For consumers, one of the best trends in the specialty audio-video business is the fact that the good stuff keeps getting less and less expensive. Glaring proof of that is Classe's new $5,000 Sigma SSP AV preamp, which is built to the same audiophile standards as previous Classe offerings but offered for a much lower price. The Sigma SSP features state-of-the-art digital-to-analog conversion, seven HDMI inputs, USB and Ethernet connections, and provisions for both balanced and single-ended use. It also has an internal nine-band parametric equalizer and a tone control; for my system, that allows me to remove my trusty old Meyer Sound analog EQ and keep the room tuning in the digital domain, right in my AV preamp where it belongs.
The fit and finish of the Classe Sigma SSP are very nice, although not as over-the-top fantastic as the nearly double-the-cost Classe SSP-800--which looks like it belongs in the Museum of Modern Art instead of an audiophile showroom or somebody's Middle Atlantic rack. The Sigma SSP's back layout packs in tons of inputs and outputs in a way that is logical and neat. My installer, Simply Home Entertainment, did the audiophile-unthinkable, which was to custom cut nearly all of the cables to the Classe Sigma SSP. That includes using a custom power chord and very short HDMI cables in many cases. The result is gorgeous and perfectly tied-down.
The Classe Sigma SSP is refreshingly easy to set up for a device that's capable of so many advanced tasks. The tiny, non-backlit remote allows you quick access to the various menus, which remind me of a more logical version of the menu system on Meridian preamps that I have owned in the past. You can access many but not all of the functions of the Classe Sigma preamp from its nifty, black faceplate.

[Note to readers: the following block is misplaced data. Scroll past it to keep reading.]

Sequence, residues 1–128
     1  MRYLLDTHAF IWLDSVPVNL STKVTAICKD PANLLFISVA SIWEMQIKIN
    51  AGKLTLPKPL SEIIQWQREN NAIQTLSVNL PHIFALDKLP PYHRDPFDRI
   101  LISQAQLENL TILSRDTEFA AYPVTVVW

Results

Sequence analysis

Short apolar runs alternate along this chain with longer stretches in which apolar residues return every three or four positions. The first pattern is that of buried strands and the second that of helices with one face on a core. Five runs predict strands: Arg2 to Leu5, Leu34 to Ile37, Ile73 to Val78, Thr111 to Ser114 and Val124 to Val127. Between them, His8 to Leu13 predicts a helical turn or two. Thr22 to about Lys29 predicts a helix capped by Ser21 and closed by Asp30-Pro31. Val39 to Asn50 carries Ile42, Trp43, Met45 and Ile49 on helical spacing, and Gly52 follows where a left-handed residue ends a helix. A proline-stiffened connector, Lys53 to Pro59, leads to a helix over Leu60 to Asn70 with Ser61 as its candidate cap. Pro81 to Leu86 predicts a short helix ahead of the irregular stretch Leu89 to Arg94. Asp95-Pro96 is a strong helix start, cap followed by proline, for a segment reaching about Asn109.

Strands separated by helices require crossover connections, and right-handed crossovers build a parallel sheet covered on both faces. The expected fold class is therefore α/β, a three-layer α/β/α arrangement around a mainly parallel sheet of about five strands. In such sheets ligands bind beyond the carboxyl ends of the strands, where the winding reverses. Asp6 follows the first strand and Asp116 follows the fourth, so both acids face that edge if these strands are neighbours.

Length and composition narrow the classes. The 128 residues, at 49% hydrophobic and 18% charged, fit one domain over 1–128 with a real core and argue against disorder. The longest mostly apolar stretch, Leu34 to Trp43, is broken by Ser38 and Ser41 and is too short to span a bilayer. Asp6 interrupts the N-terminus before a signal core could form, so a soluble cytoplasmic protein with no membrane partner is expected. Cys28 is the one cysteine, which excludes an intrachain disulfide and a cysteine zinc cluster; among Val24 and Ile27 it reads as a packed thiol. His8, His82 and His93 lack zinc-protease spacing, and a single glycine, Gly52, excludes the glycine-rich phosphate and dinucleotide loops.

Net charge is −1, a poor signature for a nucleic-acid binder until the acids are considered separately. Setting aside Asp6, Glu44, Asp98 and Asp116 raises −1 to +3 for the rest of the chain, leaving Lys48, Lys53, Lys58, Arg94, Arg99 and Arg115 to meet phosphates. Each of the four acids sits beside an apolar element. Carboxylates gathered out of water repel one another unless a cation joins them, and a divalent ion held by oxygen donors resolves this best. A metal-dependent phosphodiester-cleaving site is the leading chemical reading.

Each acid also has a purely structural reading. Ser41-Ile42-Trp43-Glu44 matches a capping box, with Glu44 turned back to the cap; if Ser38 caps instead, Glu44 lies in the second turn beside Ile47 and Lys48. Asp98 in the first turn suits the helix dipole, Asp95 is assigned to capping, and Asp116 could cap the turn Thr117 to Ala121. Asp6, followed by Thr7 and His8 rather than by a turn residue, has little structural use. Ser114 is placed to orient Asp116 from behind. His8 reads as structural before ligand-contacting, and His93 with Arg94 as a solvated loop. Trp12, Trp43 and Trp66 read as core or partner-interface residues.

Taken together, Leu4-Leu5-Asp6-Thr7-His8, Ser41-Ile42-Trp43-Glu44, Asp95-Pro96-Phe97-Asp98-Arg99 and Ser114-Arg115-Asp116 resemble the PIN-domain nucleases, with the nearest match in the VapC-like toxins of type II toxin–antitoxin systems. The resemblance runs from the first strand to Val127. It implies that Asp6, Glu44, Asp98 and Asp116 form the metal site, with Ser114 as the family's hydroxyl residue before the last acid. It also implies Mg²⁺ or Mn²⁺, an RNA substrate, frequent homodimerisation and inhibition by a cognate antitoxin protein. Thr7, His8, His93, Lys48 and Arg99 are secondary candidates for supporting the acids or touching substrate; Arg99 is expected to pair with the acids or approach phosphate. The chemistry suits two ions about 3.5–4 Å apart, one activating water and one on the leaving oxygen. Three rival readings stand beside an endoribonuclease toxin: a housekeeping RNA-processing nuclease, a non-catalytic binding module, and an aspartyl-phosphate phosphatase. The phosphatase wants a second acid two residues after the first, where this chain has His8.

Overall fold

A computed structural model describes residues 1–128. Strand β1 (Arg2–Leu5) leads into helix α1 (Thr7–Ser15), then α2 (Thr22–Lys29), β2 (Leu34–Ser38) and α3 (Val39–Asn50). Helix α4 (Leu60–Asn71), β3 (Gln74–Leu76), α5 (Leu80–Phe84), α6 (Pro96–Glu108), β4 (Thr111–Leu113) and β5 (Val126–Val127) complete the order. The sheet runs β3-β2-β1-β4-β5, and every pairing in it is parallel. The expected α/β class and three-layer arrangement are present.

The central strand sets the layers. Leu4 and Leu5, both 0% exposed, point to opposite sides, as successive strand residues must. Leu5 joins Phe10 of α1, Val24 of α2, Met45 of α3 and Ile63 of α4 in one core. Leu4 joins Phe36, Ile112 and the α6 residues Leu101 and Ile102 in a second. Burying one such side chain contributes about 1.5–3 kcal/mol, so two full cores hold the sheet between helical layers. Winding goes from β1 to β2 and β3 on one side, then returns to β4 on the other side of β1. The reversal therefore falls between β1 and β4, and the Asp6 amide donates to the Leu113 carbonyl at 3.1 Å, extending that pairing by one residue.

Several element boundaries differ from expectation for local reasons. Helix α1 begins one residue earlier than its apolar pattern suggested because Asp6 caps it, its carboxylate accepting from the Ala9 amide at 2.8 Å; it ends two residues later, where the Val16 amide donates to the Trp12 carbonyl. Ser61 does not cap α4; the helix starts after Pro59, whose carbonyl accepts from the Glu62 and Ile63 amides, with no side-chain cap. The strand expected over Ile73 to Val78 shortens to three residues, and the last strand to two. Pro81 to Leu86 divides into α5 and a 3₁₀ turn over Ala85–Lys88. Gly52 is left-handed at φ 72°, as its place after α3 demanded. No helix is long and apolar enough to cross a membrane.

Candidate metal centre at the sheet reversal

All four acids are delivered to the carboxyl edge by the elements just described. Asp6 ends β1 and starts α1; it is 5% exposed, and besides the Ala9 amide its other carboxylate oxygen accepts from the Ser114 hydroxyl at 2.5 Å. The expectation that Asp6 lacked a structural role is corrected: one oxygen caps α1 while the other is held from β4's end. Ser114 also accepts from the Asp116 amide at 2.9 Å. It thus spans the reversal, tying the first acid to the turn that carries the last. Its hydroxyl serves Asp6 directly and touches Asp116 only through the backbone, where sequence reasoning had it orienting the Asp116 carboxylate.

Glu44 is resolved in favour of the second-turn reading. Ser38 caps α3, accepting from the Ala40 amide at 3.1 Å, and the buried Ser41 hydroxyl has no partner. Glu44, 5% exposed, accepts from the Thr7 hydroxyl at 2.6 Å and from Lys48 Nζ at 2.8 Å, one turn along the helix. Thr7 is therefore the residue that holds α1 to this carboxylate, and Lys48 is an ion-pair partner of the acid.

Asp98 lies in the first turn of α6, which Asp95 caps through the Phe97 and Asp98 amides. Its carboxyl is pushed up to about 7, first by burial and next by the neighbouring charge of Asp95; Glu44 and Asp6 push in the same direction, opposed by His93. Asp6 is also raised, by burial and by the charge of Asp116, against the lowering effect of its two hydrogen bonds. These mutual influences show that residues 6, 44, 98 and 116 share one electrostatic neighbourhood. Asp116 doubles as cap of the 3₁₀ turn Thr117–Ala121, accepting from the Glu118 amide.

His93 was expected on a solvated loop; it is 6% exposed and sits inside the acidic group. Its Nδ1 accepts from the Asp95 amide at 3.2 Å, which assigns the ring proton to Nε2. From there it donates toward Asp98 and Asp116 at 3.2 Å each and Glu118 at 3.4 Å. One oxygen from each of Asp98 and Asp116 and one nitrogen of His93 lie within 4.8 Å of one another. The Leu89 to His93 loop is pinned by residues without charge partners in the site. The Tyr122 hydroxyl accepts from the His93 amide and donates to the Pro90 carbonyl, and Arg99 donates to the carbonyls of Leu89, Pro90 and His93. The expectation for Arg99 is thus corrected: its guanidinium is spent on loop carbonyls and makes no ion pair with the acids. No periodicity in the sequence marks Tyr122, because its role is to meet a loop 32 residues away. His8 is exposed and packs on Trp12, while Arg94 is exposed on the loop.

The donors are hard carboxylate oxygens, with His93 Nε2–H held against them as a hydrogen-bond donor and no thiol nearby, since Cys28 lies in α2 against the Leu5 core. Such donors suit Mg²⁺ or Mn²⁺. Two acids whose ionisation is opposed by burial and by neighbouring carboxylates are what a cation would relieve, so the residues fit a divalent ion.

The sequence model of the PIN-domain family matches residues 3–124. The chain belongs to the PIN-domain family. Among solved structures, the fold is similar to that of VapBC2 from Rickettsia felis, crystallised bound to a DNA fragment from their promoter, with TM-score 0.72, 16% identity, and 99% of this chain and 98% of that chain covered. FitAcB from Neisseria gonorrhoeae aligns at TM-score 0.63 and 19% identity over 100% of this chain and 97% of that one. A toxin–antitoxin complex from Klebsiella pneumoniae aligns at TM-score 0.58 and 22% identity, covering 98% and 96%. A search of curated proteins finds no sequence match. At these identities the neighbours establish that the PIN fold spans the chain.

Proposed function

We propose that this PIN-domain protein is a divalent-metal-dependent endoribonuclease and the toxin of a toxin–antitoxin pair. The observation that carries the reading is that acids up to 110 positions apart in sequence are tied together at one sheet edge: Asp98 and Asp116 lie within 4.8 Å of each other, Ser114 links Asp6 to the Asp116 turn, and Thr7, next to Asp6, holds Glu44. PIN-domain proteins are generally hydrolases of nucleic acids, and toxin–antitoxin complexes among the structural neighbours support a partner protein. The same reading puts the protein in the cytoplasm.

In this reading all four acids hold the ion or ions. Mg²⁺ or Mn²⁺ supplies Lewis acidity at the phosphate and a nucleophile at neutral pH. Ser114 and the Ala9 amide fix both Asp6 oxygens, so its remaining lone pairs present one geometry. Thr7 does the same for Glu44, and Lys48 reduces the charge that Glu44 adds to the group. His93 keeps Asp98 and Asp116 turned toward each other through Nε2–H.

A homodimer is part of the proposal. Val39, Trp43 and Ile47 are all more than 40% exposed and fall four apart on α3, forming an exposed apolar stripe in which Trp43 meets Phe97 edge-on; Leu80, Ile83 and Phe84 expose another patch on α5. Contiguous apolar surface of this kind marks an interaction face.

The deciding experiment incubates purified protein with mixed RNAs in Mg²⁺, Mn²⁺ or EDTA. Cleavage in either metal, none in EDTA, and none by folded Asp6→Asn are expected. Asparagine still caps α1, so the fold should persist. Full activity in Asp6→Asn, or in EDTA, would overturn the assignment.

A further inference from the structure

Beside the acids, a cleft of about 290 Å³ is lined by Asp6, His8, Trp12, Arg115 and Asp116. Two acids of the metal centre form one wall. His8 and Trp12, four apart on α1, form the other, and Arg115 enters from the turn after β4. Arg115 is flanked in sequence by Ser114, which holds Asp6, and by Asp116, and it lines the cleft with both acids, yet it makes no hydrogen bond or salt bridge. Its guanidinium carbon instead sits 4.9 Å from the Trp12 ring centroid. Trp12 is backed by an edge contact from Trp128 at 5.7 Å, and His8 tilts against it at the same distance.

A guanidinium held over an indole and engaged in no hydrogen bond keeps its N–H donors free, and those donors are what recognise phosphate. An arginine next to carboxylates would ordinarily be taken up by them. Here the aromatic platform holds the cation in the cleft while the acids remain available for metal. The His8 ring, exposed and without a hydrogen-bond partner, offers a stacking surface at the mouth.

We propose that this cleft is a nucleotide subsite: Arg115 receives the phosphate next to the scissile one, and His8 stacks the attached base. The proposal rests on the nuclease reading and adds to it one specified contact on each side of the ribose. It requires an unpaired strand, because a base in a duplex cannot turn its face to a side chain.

One of the features that initially drove me up a wall with the Sigma was the fact that it automatically goes into power-saving mode when it's muted for more than 15 or 20 minutes. Imagine the phone rings, you yap for a while, then return and un-pause your favorite show ... but no sound. In my case, that means a walk across the entire house to power up the Sigma again. The cause of this isn't bad design by Classe. Not at all. It's European standards for power saving, and there is good news. You can shut off the feature using the Classe remote by hitting: menu, F1, F2, and F3. Boom, the problem is solved.
Assigning and naming inputs isn't that different from any other AV preamp or AV receiver. For 4K users, it is important to note that the HDMI inputs are not yet HDMI 2.0 with HDCP 2.2; thus, if you want to pass a signal from a new Ultra HD Blu-ray player or a Roku 4 to your UHD set, you will, in the short term, need to split the audio and video. I use a little Swedish component that splits the signal, but there are other options. To connect a Roku 4 to his Classe Sigma setup, Dr. Ken Taraszka ran an HDMI cable directly from the player to his display and fed the player's optical digital output to the Sigma SSP. Samsung's new UHD-K8500 player has two HDMI outputs--one for UHD video and one for audio. Classe reportedly has an upgrade coming in June or July 2016 that will bring the preamp up to HDMI 2.0 and HDCP 2.2 standards, as well as add Dolby Atmos and DTS:X. All current units will be upgradable for $1,000, and new units will logically see a price increase of $1,000.
In terms of matching equipment, I use a Crestron 8x8 4K switcher for video distribution, which is a pricey unit (about $10,000 as I have it configured) but works like a charm. Connected AV sources include a Kalidescape Blu-ray server, an Oppo BDP-103, two DirecTV DVRs, an Autonomic music streaming component (for Pandora, Tidal, Spotify, Sirius, and much more), a Gen3 Apple TV, a Roku 4 (for UHD), and a few other tricks. The Classe Sigma eats up such sources without a burp--ever. Seriously, the unit runs ice cold and never needs a restart. It's rock solid in terms of reliability in a category that is known for dicey performance. I use the matching Classe AMP2 and AMP5 amplifiers and a sexy, new pair of Focal Sopra 2 speakers with an SVS 13-inch sub, all connected via Transparent Audio cables.
Calibrating speakers through the Sigma SSP is pretty standard fare. Classe doesn't include Audyssey or any other automated setup, so you have to manually enter the distances to your speakers, select their size, choose a crossover point, and balance all your speakers using an SPL meter. The Sigma SSP allows for several different calibration sets; you can program up to six completely different speaker configurations and levels to be used as needed.
Click over to Page Two for Performance, The Downside, Comparison & Competition, and Conclusion...